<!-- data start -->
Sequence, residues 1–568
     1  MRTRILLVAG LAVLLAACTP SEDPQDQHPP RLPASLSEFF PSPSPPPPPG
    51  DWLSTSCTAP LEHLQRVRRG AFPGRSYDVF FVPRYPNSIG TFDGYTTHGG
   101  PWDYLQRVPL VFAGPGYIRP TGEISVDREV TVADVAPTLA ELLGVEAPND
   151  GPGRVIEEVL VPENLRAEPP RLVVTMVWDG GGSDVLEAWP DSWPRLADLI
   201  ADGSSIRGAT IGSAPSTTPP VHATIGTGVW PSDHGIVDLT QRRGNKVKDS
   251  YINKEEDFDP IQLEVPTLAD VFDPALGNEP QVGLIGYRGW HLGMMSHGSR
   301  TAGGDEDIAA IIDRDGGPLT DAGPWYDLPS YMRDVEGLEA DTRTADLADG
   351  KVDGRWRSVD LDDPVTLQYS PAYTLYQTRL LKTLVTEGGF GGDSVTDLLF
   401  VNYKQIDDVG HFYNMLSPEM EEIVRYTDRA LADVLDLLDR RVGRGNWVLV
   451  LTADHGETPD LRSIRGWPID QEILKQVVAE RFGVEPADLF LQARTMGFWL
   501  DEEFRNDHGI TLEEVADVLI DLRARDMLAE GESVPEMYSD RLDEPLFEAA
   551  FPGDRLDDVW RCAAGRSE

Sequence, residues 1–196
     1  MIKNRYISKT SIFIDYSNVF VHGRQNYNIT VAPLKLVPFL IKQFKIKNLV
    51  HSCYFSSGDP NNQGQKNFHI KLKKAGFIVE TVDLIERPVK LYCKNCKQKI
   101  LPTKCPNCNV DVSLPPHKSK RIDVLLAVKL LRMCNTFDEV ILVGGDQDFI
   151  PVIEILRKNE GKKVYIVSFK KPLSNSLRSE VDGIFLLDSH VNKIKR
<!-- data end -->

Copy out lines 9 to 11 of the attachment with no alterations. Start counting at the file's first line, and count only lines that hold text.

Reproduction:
   351  KVDGRWRSVD LDDPVTLQYS PAYTLYQTRL LKTLVTEGGF GGDSVTDLLF
   401  VNYKQIDDVG HFYNMLSPEM EEIVRYTDRA LADVLDLLDR RVGRGNWVLV
   451  LTADHGETPD LRSIRGWPID QEILKQVVAE RFGVEPADLF LQARTMGFWL